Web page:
My best and worst decisions: Guy Pink, HR director, Addaction

Best decision

Twelve or 13 years ago, I was working for Victim Support. I’d been there for a couple of years and had become incredibly inwardly focused on the organisation. My focus had become more and more narrow, and I didn’t even have time to do the reading I needed for my own personal development.

Then I came across and joined a group called Capital Network (now the London HR Connection). Within a few months I joined the board. Not long afterwards, the chair stepped down, and their replacement, Helen White, asked if I’d be interested in becoming vice-chair. And again, I thought ‘Why not?’.

Helen and I worked together to rebrand the organisation, and I ended up taking over from her as chair. I was fortunate that when this opportunity came up, I had been in a role for some time, and had the space and capacity to devote to my new responsibilities. I couldn’t do that now.

Being chair really helped me broaden my range of skills. Being a voluntary organisation, the board involved quite a range of people, who had a huge wealth of HR experience. Most of them were from the commercial sector, which I had never worked in, so I gained a great deal of transferable knowledge.

I don’t think I would have moved into my current role without the experience I’ve had managing a pool of very opinionated, truculent, but down-to-earth and committed HR professionals. It really gave me a chance to enhance and develop my skills.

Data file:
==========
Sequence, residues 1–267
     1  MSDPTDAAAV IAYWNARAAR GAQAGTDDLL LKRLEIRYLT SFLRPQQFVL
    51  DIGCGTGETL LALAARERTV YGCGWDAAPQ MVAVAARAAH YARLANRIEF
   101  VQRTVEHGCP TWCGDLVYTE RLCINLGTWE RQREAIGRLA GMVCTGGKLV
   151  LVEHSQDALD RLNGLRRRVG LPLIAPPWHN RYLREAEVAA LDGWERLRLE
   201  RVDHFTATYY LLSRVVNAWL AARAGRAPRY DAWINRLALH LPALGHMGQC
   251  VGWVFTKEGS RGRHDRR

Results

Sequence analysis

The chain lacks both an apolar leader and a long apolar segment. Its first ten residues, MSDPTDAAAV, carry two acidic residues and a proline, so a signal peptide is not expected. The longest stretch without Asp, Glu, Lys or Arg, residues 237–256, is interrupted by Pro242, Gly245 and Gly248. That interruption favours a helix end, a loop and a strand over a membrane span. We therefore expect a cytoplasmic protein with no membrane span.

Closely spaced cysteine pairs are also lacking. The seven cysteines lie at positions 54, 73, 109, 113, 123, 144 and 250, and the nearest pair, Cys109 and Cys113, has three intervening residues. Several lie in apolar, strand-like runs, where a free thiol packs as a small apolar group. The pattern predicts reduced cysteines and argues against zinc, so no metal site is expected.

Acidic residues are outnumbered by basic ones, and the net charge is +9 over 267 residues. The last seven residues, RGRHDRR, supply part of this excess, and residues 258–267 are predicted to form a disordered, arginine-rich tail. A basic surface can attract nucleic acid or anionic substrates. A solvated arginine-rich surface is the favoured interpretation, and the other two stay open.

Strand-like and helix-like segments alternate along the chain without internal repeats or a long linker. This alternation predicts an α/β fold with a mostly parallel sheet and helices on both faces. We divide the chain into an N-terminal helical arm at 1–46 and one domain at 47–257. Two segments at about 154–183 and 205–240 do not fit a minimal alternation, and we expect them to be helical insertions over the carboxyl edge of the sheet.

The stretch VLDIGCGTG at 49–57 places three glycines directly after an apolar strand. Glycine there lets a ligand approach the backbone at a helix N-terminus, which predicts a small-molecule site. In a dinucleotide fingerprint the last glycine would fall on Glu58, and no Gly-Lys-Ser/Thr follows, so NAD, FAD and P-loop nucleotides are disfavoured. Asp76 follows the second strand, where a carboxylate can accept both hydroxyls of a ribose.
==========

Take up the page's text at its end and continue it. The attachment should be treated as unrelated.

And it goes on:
Worst decision

My worst decision was failing to appreciate the power of the internet – twice. I wrote to the editor of Personnel Today a few years ago about the amalgamation of unions. The letter was published, and I thought no more about it. I also spoke to Personnel Today’s sister publication Employers’ Law about TUPE transfers, and I brutally but flippantly said I would like to see TUPE legislation disappear. I even said it was the worst piece of legislation ever drafted.

But years later, there I was in a consultation meeting when someone said ‘Mr Pink, we’ve been on the internet, and have seen what you said about unions – you seem to be very anti-union’. And at a later meeting, it was ‘Well, Mr Pink, we know your views on TUPE – how does that apply to us, when we’re transferring into your company?’

It was a salutary lesson on the power of the internet – you really never think someone will Google your name, read something you said three or four years ago, then throw it back in your face at a meeting. But I’ve learnt from it.

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